Good Music We Can Know

Tuesday, August 31, 2010

Kraut Fishing in America: Moebius and Plank- Rastakraut Pasta (1980), Material (1981)

Oh, that Krautrock bug. If you've got it, then you may already have these two essential albums from the superhuman duo of Conny Plank and Dieter Moebius. Or maybe you don't-- in my experience these records don't seem to come up all that often when the conversation turns to desert island Krautrock records. Sure, you've got the Can albums, at least the first Neu! record, some Harmonia, maybe, something by Faust, and hopefully Kluster's Zuckerzeit, but before you start eating Amon Düül's trash or trying to focus on Manuel Gottshing or Achim Reichel, even before you start snacking on tasty stuff like La Düsseldorf, Moebius or Roedelius as solo artists, Gunter Schickert, SYPH, or the more enduring works of Kraftwerk and Tangerine Dream, You Gotta Get Down With Moebius and Plank.

One of the qualities I value most in Krautrock is what the Neu! boys dubbed "Motorik", that post-apocalypse highway sound that you find in some of the best, but not all, Krautrock specimens. (That link, by the way, goes to the wikipedia page for motorik. Yes, it has a wikipedia entry.) These two records find the boys serving up some very very innovative and playful takes on the moto-music sound, blending it with the sympathetic aesthetic of that Zuckerzeit-y, tinkle-toy video game/music box sound that Moebius often specializes in, creating very full, delightfully artful repetitious compositions. Fans of the full pop-kraut universe Bowie and Eno created for Low and "Heroes" will find a heart song for their souls on these grooves.

Honestly, these records could be a perfect introduction to the Kraut world, as they roll together and epitomize so much of what is great about Krautrock, from Motorik rollouts to electronic doodles to minimalist pop-repetition to Czukay-style sampling (Czukay actually plays bass on Rastakraut Pasta). They even dip heavily into the dub language and pull out some weird victories.

Moebius and Plank were both old masters of the game by 1980, when the first of these albums dropped, having been involved in what seems like half of the best Krautrock projects of the 70's. Plank himself may have actually been on more than half, but he is a superhero. Here are two guys who were not ready to slip into New Agey synth tranquility, electronic laziness, or any kind of routine. Here are two Kosmisch Wizards, more powerful than ever, soaring through the universe.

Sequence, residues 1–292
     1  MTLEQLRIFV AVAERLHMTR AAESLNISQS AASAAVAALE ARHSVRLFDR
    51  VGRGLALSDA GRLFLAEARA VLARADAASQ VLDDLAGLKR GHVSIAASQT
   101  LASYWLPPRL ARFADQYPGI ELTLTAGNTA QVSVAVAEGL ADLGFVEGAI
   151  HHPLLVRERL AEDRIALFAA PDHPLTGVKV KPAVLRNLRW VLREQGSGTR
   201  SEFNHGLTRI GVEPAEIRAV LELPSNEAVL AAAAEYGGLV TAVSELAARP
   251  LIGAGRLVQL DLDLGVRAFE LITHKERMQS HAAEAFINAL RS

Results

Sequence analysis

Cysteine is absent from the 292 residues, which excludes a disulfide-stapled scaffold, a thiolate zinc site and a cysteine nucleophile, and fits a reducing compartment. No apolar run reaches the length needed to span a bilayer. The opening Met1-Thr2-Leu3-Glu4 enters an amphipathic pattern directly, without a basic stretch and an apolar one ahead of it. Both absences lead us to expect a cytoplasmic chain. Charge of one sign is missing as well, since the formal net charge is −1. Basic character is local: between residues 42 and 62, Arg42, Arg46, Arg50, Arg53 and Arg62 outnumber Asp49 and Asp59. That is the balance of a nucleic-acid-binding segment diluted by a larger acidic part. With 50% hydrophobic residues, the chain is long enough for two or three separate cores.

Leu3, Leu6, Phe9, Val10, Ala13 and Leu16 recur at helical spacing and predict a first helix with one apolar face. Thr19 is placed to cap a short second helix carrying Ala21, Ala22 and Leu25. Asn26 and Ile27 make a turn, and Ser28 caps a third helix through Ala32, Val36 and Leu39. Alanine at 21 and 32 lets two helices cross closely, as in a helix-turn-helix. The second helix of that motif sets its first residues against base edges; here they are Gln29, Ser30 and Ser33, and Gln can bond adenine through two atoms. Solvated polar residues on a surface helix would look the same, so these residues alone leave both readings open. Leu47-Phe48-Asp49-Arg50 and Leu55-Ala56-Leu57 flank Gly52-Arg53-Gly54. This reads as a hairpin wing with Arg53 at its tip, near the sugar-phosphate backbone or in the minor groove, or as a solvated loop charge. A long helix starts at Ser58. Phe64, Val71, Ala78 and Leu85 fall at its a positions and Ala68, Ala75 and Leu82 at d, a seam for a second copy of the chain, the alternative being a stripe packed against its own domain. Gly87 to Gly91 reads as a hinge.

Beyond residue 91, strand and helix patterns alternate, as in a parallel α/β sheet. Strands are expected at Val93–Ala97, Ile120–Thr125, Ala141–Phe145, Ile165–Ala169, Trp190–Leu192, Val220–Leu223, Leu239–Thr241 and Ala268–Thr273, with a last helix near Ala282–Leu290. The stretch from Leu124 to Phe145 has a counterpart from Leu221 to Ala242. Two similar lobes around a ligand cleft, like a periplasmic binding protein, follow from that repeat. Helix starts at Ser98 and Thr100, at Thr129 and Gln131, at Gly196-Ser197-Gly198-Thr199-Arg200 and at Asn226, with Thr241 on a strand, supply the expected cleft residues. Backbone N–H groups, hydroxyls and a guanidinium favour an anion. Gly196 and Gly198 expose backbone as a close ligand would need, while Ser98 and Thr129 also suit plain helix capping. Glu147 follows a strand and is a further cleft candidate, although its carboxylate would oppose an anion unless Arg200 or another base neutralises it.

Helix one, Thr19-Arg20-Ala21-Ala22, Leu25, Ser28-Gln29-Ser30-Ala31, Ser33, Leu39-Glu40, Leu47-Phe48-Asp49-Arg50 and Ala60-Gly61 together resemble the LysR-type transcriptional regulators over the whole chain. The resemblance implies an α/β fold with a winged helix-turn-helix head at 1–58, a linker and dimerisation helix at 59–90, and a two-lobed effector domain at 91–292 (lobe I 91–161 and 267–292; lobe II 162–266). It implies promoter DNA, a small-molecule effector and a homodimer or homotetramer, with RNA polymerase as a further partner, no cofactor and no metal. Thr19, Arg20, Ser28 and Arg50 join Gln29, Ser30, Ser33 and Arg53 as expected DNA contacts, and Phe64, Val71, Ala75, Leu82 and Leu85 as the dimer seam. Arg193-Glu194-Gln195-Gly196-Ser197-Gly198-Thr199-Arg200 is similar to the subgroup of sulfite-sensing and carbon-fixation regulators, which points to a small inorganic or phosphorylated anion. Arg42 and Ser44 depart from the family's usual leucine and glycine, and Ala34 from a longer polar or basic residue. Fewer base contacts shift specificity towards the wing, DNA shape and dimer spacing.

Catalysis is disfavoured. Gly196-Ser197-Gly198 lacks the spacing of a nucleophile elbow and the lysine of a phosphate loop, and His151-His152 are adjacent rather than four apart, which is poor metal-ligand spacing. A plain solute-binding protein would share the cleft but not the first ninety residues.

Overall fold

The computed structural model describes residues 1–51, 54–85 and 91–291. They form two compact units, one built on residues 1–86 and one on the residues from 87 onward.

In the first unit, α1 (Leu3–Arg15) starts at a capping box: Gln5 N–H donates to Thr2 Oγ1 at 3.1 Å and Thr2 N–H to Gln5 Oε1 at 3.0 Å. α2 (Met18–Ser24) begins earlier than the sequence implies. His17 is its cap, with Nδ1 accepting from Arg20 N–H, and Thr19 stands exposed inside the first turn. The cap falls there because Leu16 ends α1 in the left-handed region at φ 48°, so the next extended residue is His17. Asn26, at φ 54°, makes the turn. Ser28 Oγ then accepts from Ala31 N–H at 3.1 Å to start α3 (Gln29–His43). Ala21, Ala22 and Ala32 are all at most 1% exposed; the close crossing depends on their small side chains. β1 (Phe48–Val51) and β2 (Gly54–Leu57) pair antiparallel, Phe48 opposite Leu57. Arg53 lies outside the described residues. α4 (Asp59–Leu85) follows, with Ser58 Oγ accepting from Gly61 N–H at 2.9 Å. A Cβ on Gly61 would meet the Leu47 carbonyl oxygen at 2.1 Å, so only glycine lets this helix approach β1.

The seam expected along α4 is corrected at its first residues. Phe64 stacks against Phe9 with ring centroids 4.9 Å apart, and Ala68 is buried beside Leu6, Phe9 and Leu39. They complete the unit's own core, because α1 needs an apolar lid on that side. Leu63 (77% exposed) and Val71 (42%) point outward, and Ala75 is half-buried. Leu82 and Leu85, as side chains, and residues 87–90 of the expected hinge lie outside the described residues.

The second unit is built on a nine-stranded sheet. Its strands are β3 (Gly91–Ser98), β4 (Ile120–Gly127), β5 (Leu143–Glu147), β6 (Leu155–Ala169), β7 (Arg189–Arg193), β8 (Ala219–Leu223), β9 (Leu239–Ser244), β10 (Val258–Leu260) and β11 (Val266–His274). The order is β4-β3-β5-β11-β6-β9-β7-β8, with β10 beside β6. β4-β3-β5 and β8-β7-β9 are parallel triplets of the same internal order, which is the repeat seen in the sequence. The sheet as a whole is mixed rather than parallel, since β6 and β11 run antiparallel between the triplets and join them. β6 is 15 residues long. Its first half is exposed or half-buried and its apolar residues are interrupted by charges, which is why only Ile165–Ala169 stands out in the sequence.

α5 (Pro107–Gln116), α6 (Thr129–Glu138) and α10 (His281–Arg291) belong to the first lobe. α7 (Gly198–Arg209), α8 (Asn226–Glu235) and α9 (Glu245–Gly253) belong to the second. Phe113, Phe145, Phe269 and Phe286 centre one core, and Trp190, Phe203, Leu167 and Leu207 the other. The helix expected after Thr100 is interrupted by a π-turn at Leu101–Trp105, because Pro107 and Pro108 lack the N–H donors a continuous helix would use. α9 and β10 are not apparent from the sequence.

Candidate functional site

Wednesday, August 25, 2010

Eden's Island Way, In A Silent Way: Eden Ahbez- Eden's Island (1960)

I am re-writing this post because I feel that my original gave Mr. Ahbez an unbelievably short shrift. This is a beautiful and enduring record from an utterly fascinating man.

Eden Ahbez is best "known" for the song "Nature Boy", made famous, of course, by Nat King Cole. When Cole-- who had by then started playing the song from sheet music enigmatically passed off to Cole's manager by Ahbez-- decided to record it, he first needed to find the songwriter. Ahbez was ultimately tracked down, found living under the Hollywood sign. He was a Nature Boy, a Wandervogel-influenced, proto-hippie, beard-wearing, vegetarian, outdoor-commune group. He claimed to live on three dollars a day.

With the exposure and money from "Nature Boy" (which went to No. 1 in 1948), Ahbez became an unlikely minor celebrity and enjoyed a fair degree of success, and an interesting little career as a songwriter (which you can read more about here, at the excellent Eden's Island blog, which has a lot of wonderful info).

In 1960, he put out his one and only solo full-length LP, Eden's Island. A major commercial failure, often accused of kitsch, it is, to my mind, one of the great iconoclastic masterpieces of Exotica-- and one of my favorite albums.

From the aforementioned blog: "Eden’s Island seemed to be the grandiose summation of ahbez’s philosophic idealism, couched in a beachcomber context of Martin Denny-esque arrangements, with ahbez himself reciting poems about his own mystical hideaway."

It's so amazing, really. The arrangements are phenomenal. The Denny comparison is spot-on--though Arthur Lyman would likely be more apt-- but it's also a bit weirder than those guys. Moments of spare minimalism, weird vocal numbers, amazing experimental dashes (such as using water and wood creaking as a rhythmic element in "The Old Boat")... this reminds me of another bearded one: Moondog.

I would love to go on and on about how good this record is, but many others before me have done a better and more thorough job of giving this record its due. It's a masterpiece. It's completely bizarre, and deeply felt. You need to hear it, if you haven't. If nothing else, the song "Banana Boy" will brighten your life infinitely.

Eden with Brian Wilson during the Smile sessions

Here's a link to Eden's wiki. Interesting. Be sure to check out the Eden's Island blog, though.

EDEN'S ISLAND: The Music of An Enchanted Isle

Friday, August 20, 2010

Hell With John Canoe, We Shall Junkanoo!- Exuma- Exuma (1970)